Turbot, (Psetta maxima), broad-bodied European flatfish of the family Scophthalmidae. A highly valued food fish, the turbot lives along sand and gravel shores. It is a left-sided flatfish, with its eyes normally on the left side of the head, and it is scaleless, though its head and body are studded with numerous bony knobs, or tubercles. It reaches a maximum length of 1 metre (40 inches) and weight of about 25 kilograms (55 pounds). Colour varies with the surroundings but is usually gray brown or light brown with darker markings.
Several other flatfish are also called turbot. Among them are the Black Sea turbot (Scophthalmus maeoticus), a relative of the European species, and certain right-sided, Pacific Ocean flatfish of the genus Pleuronichthys and the family Pleuronectidae.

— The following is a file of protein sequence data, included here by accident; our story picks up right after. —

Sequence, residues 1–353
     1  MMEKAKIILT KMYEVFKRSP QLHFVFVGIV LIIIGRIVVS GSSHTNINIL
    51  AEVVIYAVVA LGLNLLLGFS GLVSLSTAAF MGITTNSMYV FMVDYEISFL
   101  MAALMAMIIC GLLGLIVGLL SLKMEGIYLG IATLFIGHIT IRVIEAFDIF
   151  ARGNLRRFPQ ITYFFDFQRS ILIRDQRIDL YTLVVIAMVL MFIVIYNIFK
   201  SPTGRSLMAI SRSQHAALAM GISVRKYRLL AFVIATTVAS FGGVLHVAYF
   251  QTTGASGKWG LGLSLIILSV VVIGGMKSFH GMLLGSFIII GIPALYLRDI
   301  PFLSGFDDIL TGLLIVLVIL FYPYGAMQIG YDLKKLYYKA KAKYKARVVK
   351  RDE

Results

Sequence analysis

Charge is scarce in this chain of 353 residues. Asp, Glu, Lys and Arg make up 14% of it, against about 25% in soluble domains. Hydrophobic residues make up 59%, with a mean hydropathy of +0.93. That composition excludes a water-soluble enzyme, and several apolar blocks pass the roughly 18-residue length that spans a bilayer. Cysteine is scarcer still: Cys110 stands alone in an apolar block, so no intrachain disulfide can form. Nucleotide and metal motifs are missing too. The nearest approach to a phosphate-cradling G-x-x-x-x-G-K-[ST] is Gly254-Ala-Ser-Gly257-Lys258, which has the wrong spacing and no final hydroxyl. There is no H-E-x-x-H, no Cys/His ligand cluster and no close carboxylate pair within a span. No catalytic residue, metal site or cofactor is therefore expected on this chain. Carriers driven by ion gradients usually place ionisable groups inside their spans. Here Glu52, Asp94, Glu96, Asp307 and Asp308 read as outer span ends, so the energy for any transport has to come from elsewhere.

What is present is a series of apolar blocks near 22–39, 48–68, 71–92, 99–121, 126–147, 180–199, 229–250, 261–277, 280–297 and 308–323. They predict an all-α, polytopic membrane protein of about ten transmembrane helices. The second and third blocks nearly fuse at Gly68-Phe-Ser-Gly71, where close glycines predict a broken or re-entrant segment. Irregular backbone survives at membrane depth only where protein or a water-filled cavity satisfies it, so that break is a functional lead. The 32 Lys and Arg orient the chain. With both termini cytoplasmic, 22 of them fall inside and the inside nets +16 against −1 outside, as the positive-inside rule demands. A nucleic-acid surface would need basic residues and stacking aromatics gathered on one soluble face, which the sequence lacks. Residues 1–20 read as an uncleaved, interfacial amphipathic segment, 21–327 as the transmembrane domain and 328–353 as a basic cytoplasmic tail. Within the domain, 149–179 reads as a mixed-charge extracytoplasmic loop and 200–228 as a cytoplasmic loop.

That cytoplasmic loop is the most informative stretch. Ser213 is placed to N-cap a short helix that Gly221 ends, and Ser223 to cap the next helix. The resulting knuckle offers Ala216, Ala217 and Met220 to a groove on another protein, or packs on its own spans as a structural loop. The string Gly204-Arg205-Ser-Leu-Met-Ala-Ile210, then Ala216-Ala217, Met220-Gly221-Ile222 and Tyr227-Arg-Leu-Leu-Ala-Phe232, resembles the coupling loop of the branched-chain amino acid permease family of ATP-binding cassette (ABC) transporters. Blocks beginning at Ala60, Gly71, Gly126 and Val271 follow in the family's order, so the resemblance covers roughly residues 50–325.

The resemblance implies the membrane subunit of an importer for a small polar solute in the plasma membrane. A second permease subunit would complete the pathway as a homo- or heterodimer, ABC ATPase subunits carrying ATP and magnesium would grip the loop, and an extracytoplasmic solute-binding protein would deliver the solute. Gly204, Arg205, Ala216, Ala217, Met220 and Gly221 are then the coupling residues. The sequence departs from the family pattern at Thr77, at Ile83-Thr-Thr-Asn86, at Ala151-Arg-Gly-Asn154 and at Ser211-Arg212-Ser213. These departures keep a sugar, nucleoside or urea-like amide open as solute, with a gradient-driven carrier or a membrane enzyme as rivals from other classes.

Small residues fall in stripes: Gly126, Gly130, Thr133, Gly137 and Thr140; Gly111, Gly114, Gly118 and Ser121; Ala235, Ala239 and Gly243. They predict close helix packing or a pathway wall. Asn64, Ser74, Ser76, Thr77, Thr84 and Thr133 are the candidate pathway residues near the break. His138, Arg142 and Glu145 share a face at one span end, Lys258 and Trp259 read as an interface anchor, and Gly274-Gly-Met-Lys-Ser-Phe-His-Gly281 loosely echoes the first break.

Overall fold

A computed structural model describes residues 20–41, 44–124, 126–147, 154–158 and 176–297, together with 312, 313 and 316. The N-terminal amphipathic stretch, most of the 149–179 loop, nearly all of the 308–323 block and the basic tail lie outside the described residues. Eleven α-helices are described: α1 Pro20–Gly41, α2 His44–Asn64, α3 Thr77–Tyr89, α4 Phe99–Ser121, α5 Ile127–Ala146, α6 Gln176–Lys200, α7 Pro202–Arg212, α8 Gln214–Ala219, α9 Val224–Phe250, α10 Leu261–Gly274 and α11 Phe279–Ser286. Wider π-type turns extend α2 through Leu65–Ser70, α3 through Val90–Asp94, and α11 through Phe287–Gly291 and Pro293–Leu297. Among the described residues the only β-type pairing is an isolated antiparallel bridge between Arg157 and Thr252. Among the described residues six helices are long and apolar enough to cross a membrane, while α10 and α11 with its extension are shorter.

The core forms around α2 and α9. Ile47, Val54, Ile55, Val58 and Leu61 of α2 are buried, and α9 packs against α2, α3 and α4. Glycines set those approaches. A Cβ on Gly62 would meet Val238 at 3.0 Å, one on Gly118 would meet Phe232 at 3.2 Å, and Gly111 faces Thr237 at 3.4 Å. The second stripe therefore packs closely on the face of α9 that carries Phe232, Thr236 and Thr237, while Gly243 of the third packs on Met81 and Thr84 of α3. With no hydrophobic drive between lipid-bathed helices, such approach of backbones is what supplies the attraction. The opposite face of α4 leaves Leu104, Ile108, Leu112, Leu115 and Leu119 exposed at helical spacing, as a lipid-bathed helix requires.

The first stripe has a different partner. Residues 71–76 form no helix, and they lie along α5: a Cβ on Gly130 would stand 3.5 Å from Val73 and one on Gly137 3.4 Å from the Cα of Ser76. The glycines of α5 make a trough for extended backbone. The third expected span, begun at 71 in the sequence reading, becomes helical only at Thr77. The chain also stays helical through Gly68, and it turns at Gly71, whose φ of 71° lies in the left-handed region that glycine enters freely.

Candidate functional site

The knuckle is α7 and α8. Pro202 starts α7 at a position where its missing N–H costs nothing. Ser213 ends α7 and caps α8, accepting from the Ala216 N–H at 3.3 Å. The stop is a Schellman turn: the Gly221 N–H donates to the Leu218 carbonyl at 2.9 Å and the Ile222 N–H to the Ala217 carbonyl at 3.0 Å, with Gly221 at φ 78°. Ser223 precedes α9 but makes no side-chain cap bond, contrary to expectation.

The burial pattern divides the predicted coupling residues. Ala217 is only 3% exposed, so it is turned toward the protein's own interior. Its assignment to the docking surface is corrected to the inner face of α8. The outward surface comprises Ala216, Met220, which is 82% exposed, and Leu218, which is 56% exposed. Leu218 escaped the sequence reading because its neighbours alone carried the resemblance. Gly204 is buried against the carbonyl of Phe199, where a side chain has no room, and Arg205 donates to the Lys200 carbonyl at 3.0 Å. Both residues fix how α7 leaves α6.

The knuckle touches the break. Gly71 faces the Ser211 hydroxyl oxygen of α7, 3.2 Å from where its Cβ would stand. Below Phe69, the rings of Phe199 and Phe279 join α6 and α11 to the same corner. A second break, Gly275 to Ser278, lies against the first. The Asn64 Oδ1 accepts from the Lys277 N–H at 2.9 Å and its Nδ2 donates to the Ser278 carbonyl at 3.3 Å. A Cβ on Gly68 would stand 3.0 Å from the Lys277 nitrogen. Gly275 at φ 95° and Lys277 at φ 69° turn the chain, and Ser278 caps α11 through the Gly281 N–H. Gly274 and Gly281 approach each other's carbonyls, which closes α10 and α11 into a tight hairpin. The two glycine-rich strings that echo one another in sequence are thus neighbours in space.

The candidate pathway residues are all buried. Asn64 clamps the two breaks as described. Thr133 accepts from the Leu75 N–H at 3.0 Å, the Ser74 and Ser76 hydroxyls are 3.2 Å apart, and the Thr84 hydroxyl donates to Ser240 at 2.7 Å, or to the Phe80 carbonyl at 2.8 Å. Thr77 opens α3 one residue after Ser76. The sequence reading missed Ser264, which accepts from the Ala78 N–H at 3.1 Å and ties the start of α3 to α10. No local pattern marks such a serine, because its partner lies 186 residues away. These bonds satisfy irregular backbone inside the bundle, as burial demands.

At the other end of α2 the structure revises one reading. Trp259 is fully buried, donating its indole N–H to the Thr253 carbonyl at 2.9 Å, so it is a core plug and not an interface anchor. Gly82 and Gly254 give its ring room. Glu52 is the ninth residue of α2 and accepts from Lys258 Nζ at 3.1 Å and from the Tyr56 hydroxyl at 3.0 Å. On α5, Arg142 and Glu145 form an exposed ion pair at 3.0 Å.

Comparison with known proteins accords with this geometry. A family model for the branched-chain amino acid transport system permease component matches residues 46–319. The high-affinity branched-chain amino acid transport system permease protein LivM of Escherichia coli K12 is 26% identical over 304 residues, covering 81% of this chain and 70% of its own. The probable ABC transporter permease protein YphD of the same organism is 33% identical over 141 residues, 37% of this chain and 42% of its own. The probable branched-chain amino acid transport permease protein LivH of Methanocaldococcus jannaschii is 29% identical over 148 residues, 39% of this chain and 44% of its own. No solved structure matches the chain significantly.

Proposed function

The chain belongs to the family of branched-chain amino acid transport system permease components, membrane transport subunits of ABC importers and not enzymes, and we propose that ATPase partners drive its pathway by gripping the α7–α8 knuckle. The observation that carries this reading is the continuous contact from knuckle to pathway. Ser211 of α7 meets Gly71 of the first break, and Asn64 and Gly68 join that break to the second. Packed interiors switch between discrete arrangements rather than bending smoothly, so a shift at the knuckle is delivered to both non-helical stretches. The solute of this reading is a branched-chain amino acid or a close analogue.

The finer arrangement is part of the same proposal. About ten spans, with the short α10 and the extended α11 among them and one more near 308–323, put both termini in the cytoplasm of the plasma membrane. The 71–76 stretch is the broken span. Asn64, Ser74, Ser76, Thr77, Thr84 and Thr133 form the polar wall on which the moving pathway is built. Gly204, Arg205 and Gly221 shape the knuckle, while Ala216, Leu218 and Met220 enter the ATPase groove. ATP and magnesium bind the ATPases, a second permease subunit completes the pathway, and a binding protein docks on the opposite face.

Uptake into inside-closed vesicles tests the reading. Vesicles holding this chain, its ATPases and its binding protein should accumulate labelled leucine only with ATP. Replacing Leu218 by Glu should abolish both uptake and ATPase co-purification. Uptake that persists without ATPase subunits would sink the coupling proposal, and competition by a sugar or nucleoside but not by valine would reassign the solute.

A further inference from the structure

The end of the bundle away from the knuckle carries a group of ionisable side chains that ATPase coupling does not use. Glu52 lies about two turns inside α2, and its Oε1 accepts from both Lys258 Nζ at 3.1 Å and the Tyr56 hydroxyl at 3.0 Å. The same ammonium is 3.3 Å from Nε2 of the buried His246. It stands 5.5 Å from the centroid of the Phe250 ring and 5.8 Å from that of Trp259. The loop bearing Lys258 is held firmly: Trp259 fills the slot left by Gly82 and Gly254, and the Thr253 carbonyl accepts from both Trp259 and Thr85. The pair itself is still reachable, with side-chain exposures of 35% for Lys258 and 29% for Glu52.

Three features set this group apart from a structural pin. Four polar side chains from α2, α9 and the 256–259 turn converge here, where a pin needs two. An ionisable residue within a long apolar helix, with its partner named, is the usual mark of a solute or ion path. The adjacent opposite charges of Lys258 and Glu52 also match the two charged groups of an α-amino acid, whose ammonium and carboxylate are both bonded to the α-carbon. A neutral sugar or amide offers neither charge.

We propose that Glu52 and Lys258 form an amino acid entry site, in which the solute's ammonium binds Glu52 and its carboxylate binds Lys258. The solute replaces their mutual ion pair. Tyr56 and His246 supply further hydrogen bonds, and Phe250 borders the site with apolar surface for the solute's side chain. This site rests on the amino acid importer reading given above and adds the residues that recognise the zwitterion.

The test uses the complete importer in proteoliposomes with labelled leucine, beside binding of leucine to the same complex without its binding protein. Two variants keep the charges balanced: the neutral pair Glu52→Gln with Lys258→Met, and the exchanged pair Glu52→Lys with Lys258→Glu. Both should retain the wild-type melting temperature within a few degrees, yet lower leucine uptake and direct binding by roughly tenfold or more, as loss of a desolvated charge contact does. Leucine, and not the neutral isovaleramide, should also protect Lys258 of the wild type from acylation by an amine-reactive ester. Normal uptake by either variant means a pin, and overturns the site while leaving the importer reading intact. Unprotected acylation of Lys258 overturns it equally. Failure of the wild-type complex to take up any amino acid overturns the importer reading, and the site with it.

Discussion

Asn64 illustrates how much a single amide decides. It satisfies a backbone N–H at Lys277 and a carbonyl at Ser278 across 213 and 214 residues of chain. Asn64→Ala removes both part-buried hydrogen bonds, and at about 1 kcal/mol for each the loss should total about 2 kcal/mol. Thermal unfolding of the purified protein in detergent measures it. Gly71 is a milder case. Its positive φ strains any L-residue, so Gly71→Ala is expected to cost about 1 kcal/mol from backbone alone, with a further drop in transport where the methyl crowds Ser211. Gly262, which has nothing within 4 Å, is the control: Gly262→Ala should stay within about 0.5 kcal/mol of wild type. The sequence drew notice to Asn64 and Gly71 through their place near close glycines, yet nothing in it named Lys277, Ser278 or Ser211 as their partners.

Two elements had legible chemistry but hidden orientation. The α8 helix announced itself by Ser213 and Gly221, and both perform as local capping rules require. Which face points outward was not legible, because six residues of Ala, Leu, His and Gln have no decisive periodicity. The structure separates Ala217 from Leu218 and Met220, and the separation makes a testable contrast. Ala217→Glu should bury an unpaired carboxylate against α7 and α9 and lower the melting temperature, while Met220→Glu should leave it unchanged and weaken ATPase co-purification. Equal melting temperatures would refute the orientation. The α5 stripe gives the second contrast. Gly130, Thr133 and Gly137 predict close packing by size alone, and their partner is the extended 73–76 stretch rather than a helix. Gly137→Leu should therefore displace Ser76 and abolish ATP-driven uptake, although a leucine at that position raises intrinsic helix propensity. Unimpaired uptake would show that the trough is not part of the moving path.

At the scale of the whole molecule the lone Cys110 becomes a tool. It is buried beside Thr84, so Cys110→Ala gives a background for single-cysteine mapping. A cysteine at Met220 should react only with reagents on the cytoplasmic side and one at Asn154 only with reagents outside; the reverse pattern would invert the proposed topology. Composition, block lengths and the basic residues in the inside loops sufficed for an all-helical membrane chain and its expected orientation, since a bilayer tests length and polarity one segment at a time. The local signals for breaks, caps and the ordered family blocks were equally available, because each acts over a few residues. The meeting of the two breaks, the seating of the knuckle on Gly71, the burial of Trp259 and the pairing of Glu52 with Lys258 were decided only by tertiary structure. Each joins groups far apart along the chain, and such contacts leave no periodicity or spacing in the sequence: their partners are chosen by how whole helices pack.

In Bulgaria, where the fish is popular and expensive, it is called "Kalkan"—"shield"—from the fish's resemblance to the item. Instead of a smooth skin, Kalkan (Scophthalmus maeoticus), which is from the Black Sea, has small spikes on both sides; it is considered a subspecies of the Mediterranean turbot (Scophthalmus maximus).
Turbot is highly prized as a food fish for its delicate flavour, and is also known as breet, britt or butt. It is a valuable commercial species, acquired through aquaculture and trawling. Turbot are farmed in Bulgaria, France, Spain, Portugal, Romania, Turkey, Chile, Norway, and China.Turbot has a bright white flesh that retains this appearance when cooked. Like all flatfish, turbot yields four fillets with meatier topside portions that may be baked, poached or pan-fried.